Dr. Eckener's Dream Machine: The Great Zeppelin and the Dawn of Air Travel - Douglas Botting I suppose we've all seen the Goodyear or Fuji blimp and wondered what it might be like to go for a ride. (By the way, a blimp is a malformed balloon with rudder and fins, whereas a dirigible or zeppelin has a rigid skeleton making them more suitable for long distance trips and less susceptible to the effects of inclement weather. The U.S. Navy never did much with airships, especially after the Shenandoah was torn apart during a storm over Ohio in 1925.)

Anyway, Dr. Hugo Eckener might be considered the founding father of the modern passenger airship. He's one of those extraordinary people who devote their lives to a particular technology and are singularly good at it. He shepherded the program and was the driving force behind the around-the-world trip in 1929. Eckener was "drafter" by Count Zeppelin to take over his building program after Eckener, then a journalist, wrote critically of zeppelin development in 1906.

Funded by the Hearst fortune, the Graf Zeppelin's voyage was a sensation. That it survived was due to Eckener's skill who had become a meteorological expert and who managed even to tag along on the tails of a typhoon to gain extra speed. Their trip across Siberia was the fastest ever, exceeding even train travel by several days. There were several close shaves. Crossing the final mountain range, they had no reliable charts to indicate the height of the mountains and the maximum altitude of the GZ was about 8,500 feet, but to gain that altitude would have required dumping huge amounts of hydrogen that would have seriously degraded the performance. They wound their way through ever-narrowing valleys between mountain peaks with the sides of the mountains at times only 250 feet away from the GZ. It was an extraordinary display of airshipmanship.

It must have been a terrific way to travel, gliding across the countryside at a height of usually around 1,500 feet, although storms might loosen the sphincter more than a little. Apparently the passenger accommodations were quite luxurious although every precaution was taken to avoid anything that might have contributed to open flame. (It's ironic how many of the passengers got angry because they were not allowed to smoke and immolate themselves.)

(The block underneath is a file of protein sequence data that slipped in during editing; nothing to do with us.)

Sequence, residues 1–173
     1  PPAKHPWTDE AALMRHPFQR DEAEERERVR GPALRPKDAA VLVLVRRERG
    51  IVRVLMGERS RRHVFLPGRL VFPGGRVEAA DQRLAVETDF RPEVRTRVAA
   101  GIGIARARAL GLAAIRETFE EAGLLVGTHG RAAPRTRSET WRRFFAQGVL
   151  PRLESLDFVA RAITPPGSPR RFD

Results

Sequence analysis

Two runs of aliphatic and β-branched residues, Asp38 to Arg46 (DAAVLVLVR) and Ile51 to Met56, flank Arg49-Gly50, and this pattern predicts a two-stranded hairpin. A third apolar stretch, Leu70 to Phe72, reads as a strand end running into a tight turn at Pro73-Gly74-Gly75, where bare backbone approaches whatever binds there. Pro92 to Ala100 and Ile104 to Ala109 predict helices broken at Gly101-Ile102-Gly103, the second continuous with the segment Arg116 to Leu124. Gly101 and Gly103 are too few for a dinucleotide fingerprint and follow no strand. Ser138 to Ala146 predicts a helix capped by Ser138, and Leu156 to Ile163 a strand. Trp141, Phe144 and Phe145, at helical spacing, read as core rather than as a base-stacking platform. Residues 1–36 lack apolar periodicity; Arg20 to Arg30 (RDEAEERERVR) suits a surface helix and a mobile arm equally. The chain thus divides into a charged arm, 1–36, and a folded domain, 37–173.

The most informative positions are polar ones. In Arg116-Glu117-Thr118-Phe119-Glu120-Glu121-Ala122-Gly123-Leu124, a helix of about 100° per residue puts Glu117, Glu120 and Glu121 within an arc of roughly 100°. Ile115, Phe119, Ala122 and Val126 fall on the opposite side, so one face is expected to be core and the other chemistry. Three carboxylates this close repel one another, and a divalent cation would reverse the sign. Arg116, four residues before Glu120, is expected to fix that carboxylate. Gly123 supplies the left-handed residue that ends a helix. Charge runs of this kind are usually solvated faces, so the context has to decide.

As anyone who remembers elementary physics knows, the volume and lifting power of gas is greatly influenced by temperature. In the atmosphere temperature inversions are relatively common and approaching Los Angeles they hit one that had a 10 degree difference. Since in an airship that large, lift increase by 660 lbs for every one degree decrease in temperature, the ten degree difference that day made the ship 4000 lbs lighter which required venting substantial amounts of gas in order to land. That made for an almost catastrophic departure because they had no hydrogen gas at the facility and in order to get off they had to make an aerodynamic liftoff, using the engines to push it into the air. Unfortunately there were power lines at the end of the field. The cleared the gondola by a matter of feet and then had to dive down in order to bring the tail up which had a fin which would have hit the power lines on the way up. Tribute to extraordinary airship piloting but a real horror for the passengers.

Following their return to Germany, Eckener set about creating a transatlantic line and settled on South America as the perfect destination. It was too far for airplanes, and steamships were relatively slower. He inaugurated a trip that was 18,000 miles in length, from Spain to Argentina to Cuba to Lakehurst and back to Europe. There were some bumps along the way. They had to detour around Cuba because of storms and that pissed off some passengers who had paid enormous sums of money for the trip and wanted to land in Cuba. In any case, a terrific storm, had to be crossed in order to reach Lakehurst, something he could not bypass since it was a refueling point. The dirigible was tossed around like a "galloping horse" bucking up and down, terrifying everyone, but the ship suffered almost no damage.

For its brief time, the dirigible filled a need for long distance, nonstop travel. The cost was horribly high for passengers (about $70,000 in today's dollars) for the South America trip) and most of the money was made in first-trip-by-dirigible stamp cancellations and mail. Unfortunately, the dirigible was doomed, for even as the GZ was making its triumphant voyage, a British fighter pilot exceeded 350 mph in his plane. Of course, the Hindenburg was the final nail in the coffin.

Highly recommended.

Additional reading:

[b:The Golden Age of the Great Passenger Airships Graf Zeppelin and Hindenburg|1191918|The Golden Age Of The Great Passenger Airships, Graf Zeppelin & Hindenburg|Harold G. Dick|/assets/nocover/60x80.png|363071]
[b:The Great Dirigibles|817287|The Great Dirigibles|John Toland|http://d202m5krfqbpi5.cloudfront.net/books/1328865435s/817287.jpg|803174]
[b:Ohio's Airship Disaster The Story of the Crash of the USS Shenandoah|3242235|Ohio's Airship Disaster The Story Of The Crash Of The Uss Shenandoah|Aaron J. Keirns|/assets/nocover/60x80.png|3276942]

N.B. 9/12/13 Just discovered this fascinating documentary of the Round-the-World trip: http://www.youtube.com/watch?v=d4jq7oRxw-g